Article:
Harding nervous in debut
The Associated Press
With empty seats outnumbering spectators, Harding fell twice during the the technical portion of the Pro Figure Skating Championships.
Tuesday, October 19, 1999
With empty seats outnumbering spectators, Harding fell twice during the the technical portion of the Pro Figure Skating Championships. She was fourth among five women competitors entering Tuesday’s artistic program.
”I was very nervous and my legs were shaking. But at the same time, the audience was wonderful. I went out and did the best that I could after being off the ice for so long. I just had a great time,” Harding said.
One sign flashed ”Good luck, Tonya,” and the audience warmly greeted Harding, the final skater of the three-hour competition.
”When she came out, she had tears in her eyes,” said her adviser, Michael Rosenberg. ”Then some little girl yelled, ‘We love you, Tonya.’ She perked right up. I think she handled herself well.”
Wearing a turquoise-and-purple outfit, Harding performed to a saxophone-guitar medley, falling on her first and final jumps.
Afterward, Harding was seated in the middle of eight skaters at a news conference. She received several hugs, and many skaters took turns to welcome back Harding to competition.
”She was a friend of mine back then, and I’m so glad she’s back skating with us,” said Surya Bonaly, the only woman competitor who didn’t fall Monday night and was first after the opening night.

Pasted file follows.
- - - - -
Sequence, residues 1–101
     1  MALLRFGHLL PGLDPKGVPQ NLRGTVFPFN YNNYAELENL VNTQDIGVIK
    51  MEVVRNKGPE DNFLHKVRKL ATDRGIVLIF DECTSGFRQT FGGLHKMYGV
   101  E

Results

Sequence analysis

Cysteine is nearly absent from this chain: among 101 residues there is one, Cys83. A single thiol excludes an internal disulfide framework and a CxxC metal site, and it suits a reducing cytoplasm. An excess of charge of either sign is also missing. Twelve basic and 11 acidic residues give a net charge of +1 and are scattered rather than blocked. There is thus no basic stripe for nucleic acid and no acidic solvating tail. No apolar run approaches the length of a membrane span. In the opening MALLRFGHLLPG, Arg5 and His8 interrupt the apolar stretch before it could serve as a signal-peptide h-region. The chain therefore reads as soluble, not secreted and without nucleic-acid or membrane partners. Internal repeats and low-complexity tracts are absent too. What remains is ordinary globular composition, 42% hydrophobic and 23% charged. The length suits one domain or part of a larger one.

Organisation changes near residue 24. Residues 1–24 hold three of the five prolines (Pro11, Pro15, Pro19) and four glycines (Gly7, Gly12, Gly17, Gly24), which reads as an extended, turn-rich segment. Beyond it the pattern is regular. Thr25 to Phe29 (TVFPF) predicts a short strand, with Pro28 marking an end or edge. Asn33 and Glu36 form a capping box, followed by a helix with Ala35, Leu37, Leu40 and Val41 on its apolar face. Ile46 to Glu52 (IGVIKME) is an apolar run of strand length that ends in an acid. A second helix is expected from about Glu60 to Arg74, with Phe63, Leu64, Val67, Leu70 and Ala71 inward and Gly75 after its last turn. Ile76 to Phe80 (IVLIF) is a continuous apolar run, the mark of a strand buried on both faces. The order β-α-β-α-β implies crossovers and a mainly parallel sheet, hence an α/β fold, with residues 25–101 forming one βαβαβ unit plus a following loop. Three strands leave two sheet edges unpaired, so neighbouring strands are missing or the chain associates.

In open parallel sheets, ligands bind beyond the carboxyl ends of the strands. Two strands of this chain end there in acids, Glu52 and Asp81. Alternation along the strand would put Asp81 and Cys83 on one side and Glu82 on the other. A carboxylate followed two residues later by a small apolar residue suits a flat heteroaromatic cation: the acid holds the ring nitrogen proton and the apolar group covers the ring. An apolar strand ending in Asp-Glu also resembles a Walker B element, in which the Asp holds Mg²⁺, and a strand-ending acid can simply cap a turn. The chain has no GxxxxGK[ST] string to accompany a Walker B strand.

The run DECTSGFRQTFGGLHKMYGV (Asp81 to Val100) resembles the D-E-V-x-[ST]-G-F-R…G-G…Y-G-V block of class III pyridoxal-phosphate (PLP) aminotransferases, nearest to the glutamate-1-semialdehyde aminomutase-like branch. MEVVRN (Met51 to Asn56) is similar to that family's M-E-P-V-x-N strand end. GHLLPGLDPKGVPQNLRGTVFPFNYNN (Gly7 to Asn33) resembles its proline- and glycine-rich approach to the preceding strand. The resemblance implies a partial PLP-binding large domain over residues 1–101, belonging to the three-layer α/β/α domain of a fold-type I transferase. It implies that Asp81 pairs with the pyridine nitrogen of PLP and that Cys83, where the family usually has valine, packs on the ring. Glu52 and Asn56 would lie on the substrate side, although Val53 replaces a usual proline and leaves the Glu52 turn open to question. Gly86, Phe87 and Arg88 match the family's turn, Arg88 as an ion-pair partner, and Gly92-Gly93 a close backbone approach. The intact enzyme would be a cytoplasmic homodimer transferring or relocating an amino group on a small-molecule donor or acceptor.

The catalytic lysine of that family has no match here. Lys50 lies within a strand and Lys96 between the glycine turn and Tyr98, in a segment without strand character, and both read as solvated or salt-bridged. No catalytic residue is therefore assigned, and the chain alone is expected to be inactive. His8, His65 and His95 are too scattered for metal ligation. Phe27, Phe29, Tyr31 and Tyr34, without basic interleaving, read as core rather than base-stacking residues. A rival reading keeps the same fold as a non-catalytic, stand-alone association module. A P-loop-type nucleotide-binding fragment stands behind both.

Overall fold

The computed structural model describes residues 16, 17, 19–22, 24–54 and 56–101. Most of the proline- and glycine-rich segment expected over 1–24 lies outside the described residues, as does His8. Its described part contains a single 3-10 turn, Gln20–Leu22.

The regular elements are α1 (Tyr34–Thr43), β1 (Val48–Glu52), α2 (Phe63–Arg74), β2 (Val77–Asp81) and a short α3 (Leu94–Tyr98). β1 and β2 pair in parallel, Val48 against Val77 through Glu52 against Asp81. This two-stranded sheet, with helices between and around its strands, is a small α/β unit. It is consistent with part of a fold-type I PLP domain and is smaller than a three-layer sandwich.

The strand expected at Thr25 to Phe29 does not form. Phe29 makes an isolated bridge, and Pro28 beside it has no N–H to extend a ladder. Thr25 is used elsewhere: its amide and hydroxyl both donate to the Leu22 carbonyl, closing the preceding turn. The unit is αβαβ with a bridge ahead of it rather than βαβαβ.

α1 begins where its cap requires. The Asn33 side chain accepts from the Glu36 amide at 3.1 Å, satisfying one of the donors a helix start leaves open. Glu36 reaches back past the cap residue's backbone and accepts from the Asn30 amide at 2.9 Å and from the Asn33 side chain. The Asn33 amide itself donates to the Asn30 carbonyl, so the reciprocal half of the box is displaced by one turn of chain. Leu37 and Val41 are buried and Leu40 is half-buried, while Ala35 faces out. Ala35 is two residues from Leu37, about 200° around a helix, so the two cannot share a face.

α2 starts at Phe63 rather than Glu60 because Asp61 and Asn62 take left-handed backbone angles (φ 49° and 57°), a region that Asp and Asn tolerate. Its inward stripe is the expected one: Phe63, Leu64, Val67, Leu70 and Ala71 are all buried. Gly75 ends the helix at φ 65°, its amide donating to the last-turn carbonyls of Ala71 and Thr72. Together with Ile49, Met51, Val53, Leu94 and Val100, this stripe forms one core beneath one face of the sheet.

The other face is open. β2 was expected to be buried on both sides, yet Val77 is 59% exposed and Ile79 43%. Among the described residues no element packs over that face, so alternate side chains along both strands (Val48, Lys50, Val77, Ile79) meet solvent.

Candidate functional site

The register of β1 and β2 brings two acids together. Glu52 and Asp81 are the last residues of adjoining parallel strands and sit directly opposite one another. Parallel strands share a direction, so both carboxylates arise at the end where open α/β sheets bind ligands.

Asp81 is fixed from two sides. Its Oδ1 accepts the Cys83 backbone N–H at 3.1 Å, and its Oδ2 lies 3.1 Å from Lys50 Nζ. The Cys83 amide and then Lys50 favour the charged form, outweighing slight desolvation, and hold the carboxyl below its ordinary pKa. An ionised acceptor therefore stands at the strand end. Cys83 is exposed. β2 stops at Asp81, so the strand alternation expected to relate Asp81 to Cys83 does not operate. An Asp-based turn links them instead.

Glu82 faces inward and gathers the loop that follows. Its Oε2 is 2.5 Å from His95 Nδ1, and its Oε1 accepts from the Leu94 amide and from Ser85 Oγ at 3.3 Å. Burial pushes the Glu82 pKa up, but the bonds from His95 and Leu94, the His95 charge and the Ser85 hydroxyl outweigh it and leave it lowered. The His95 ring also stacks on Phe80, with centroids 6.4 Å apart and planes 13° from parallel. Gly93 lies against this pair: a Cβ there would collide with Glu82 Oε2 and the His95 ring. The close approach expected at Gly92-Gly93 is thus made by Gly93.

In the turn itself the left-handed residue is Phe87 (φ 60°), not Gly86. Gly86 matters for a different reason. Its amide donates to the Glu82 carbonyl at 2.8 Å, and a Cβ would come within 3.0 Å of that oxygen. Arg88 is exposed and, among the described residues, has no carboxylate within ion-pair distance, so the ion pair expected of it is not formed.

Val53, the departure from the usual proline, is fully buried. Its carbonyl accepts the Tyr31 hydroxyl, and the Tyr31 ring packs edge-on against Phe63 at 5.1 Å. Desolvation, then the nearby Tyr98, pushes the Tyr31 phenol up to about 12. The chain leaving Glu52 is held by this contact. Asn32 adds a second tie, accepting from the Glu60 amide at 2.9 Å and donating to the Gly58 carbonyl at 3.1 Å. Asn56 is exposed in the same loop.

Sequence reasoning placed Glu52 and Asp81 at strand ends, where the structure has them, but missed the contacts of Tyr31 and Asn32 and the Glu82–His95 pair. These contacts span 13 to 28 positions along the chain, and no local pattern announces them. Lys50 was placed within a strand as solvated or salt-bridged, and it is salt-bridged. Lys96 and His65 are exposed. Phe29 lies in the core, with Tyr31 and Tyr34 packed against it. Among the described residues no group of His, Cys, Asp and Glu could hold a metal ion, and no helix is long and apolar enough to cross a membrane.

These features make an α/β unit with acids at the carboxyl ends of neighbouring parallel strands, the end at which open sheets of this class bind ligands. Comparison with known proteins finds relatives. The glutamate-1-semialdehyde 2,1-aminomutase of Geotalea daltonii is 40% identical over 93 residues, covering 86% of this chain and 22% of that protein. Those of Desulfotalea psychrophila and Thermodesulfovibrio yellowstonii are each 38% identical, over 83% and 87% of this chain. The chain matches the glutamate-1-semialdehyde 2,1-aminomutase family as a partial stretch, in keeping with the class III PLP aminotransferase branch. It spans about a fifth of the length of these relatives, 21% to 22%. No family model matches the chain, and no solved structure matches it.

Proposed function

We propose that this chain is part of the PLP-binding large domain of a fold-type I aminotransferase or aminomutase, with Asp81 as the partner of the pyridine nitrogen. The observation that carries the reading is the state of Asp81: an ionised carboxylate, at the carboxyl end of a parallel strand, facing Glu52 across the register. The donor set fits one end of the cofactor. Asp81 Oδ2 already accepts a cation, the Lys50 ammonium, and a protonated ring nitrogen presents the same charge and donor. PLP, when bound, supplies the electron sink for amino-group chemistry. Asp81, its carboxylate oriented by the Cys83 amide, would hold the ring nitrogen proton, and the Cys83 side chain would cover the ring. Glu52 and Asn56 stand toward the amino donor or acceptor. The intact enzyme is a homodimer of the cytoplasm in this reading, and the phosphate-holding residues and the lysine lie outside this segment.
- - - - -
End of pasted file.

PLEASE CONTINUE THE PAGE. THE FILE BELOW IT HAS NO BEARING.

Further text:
Rory Burghart was second, followed by Tonia Kwiatkowski, Harding and Liz Manley.
Some fans came from as far away as Japan for the event at the 5,780-seat Huntington Civic Arena, and there were more than 50 media credential requests from as far away as Germany.
Yet no fans who were asked were willing to admit that they came specifically for Harding, who was implicated in the 1994 knee-whack on rival Nancy Kerrigan and subsequently banned from amateur skating.
”It’s the scandal revisited,” said Carol Delancey of Huntington. ”I don’t think skating needs all that. Her reputation detracts from the overall picture.”
Her friend, Kim Copley, disagreed.
”I’m not sure if she adds anything, but I want to see her just to say I saw Tonya Harding,” Copley said. ”I don’t think she detracts from anything.”
Not that fans wanted someone to plan a revenge attack on Harding, who was competing for the first time since the 1994 Lillehammer Games.
”I just hope everyone here is very gracious to her,” said Roy Hall of Huntington. ”I’d like to see her do well, and I’d like to see everybody here accept her. We’re happy that she’s here.”
Only 75 percent of tickets were sold for the two shows. Promoters had doubted a sellout because the event was held outside of the traditional winter skating season. It’s the bigger picture they’re concerned about – the show will be televised by ESPN on Oct. 25, Nov. 1 and Nov. 8.